Foreclosure Moratorium

October 19, 2010 by  
Filed under Foreclosure Moratorium

What You Need To Know About the Foreclosure Moratorium

By Joshua C Anderson, Lexington Realty correspondent. October 19, 2010

Los Angeles (Lexington Realty) – – In the recent weeks all of the major lenders and loan servicers have all followed the same trend of halting there foreclosures. To a delinquent homeowner that may sound like the miracle they were praying for. However, the situation is much more complex than they ever imagined.

What the foreclosure moratorium is in a conspectus is merely a break for the servicers to review documentation that may have been overlooked in the overwhelming housing crisis. Many banks will go back and scrutinize the terms and conditions of the delinquent loans in an effort to help homeowners who may have been victims of fraud. The problem that persists is that many homeowners were not victims at all. First time borrowers knew they were getting into a home they could never afford, and in addition to housing prices dramatically dropping, many of them lost there jobs and were unable to pay there mortgages. The lenders will not excuse past due payments because they simply could not afford it. After the bail out of several financial institutions, lenders were required by the government to stimulate the economy by restructuring loans. Within weeks, even homeowners who were current on payments were applying for modifications. Unfortunately, the trend did not last long and would leave a trail of foreclosure in its midst.

The modification boom in many opinions was a disaster. Recent reports from the Obama administration stated that 60% of modified homeowners failed the program within the first six months, and millions of others never had the chance. In the climax of the modification boom, several third party law firms and company’s targeted homeowners for what little money they had left, and were charging anywhere from $1,500-$5,000 for a retainer fee that yielded no results. Fast forward to the present day, and we have record high foreclosures and unemployment crippling the housing market.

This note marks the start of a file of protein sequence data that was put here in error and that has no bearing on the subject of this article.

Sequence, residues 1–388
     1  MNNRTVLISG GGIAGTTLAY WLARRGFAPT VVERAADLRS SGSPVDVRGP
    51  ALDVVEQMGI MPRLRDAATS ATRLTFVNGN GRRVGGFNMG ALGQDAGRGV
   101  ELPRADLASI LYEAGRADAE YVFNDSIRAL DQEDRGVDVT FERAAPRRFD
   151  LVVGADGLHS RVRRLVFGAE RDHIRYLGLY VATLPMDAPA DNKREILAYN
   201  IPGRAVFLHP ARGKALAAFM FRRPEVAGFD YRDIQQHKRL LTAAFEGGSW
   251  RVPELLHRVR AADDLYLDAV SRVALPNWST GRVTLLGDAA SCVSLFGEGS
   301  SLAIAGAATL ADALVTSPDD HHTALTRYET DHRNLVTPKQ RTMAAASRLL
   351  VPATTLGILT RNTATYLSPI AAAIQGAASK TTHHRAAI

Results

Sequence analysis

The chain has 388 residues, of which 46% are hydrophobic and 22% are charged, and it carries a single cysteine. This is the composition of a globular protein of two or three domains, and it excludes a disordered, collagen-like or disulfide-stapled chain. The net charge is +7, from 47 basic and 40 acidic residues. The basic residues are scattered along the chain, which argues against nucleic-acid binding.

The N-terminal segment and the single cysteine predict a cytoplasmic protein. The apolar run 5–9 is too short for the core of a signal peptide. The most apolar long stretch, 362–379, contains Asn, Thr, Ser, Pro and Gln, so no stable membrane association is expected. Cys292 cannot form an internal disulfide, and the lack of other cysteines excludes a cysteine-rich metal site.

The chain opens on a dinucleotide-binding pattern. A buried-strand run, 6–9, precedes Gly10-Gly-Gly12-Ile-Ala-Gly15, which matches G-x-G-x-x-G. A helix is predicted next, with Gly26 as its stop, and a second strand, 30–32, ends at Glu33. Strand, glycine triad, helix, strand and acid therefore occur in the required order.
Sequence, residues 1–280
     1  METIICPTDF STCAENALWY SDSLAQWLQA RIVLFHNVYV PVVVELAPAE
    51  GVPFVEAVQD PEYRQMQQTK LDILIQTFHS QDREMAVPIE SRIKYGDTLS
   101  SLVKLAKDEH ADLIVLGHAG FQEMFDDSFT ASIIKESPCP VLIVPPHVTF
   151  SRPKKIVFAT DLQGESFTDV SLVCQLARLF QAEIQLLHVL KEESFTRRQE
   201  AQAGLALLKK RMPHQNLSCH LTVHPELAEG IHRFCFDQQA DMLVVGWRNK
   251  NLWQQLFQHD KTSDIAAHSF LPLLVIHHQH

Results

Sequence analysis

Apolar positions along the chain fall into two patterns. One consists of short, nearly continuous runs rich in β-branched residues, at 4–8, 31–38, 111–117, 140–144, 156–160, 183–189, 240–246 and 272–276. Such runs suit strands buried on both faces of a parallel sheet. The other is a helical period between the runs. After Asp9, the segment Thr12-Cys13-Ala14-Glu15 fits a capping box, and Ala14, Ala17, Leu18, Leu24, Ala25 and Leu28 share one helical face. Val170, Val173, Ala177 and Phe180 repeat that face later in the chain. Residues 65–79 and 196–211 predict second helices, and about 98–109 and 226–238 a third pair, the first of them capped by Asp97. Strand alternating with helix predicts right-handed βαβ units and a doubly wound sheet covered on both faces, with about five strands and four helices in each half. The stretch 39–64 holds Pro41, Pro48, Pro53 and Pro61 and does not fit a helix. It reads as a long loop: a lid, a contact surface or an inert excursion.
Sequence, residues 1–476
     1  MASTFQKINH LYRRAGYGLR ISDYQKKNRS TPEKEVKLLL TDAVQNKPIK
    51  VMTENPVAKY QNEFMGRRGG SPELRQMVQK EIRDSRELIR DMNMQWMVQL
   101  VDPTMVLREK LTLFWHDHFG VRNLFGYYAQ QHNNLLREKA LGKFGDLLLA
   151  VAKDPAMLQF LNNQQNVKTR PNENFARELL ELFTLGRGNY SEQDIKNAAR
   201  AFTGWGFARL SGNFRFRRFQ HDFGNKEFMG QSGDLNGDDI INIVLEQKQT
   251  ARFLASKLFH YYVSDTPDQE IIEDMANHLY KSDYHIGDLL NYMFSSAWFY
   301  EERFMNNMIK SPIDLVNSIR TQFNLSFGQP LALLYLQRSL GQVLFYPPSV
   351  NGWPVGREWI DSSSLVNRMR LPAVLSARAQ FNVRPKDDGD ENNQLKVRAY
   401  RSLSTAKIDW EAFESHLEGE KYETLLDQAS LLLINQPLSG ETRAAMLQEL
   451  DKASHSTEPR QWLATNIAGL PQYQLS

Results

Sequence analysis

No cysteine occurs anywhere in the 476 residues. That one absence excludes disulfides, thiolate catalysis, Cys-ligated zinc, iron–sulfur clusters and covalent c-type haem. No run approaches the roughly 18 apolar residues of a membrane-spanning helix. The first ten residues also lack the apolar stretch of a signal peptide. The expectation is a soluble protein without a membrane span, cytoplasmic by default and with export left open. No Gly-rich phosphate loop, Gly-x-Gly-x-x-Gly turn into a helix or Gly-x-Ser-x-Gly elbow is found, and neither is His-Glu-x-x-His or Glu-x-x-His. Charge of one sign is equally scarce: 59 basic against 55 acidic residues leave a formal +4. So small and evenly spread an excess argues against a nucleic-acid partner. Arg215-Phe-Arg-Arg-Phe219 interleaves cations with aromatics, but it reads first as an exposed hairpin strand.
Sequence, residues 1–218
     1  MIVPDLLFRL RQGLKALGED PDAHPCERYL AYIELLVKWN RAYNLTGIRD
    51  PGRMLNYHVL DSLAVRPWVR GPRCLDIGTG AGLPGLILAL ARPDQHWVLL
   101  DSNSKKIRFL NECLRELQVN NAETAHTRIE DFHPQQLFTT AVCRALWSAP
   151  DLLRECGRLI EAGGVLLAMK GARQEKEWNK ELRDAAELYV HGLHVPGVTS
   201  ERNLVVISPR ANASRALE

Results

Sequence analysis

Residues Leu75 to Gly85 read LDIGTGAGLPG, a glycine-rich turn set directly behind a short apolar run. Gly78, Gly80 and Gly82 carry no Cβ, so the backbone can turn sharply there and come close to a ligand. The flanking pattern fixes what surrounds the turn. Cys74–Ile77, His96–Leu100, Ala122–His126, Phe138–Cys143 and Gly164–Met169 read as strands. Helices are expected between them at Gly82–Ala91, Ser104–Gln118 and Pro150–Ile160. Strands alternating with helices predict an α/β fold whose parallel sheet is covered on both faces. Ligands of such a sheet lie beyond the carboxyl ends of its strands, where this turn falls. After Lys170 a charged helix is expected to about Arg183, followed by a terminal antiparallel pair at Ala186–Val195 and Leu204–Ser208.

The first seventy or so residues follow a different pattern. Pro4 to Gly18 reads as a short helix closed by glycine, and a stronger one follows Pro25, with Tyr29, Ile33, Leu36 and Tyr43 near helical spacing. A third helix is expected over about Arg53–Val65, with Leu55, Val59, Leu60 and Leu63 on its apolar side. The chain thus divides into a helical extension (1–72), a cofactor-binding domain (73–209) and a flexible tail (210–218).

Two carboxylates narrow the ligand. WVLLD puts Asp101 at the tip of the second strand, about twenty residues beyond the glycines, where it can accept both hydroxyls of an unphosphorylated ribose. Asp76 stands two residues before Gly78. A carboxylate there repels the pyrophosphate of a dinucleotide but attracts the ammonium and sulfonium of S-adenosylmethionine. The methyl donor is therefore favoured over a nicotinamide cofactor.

The modification program was indeed a failure and there are very few success stories. The only positive outcome of the moratorium is that a few lucky homeowners will get modified if they can afford it. Many at risk homeowners do not want to come to terms with the fact that even with a temporary mod, they will foreclose.  What homeowners need to consider now is cutting there losses and salvaging what they have left of there credit.

Much like the attempt to help delinquent borrowers by modification, there is a new trend on the block that so far, has proven to be the best exit strategy in the housing crisis. Homeowners who owe more than there homes are worth, now have the option to Short Sale. There are not many qualifying factors as there were with the modifications. If you are delinquent, unemployed, and underwater or simply down on your luck financially, a short sale is the best solution. A homeowner can be free and clear credit wise, within 14 months of the short sale and if your loan is a non recourse the lender by law has to forgive you of any deficiency. There is also no cost required to facilitate the transaction. Homeowners are encouraged to go with a well established short sale firm rather than a traditional realtor because they often lack the experience to complete the sale successfully.

Within 14 months of the short sale, a homeowner can be eligible to purchase a new property and take advantage of the low prices that are flooding the market today and start from scratch.

The moratorium will prove to be just another wave of hope that will surpass many of the homeowners who need the help. Only 1/3 of the at risk foreclosure candidates were modified this year and the rest will likely is a well established short sale company who helps homeowners in those situations and counsels them through and even after the process is complete. They also hold seminars in different cities to educate homeowners on the subject.

With the foreclosure halt coming to an end, many will be right back where they were before it begun. It is the responsibility of the homeowner to asses there situation and make choices that will benefit them in the future.

Housing Assist Coldwellbanker